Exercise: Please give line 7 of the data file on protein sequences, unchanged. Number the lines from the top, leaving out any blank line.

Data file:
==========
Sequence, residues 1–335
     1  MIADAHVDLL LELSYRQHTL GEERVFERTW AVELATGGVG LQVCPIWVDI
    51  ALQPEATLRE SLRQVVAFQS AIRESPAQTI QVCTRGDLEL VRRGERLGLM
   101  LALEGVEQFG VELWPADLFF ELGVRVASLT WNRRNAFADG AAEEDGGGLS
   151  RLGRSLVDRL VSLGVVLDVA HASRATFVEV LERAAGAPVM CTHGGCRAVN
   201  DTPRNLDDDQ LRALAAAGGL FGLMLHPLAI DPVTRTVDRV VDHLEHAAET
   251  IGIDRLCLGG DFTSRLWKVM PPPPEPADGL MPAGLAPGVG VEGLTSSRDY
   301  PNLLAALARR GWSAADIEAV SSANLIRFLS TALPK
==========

   251  IGIDRLCLGG DFTSRLWKVM PPPPEPADGL MPAGLAPGVG VEGLTSSRDY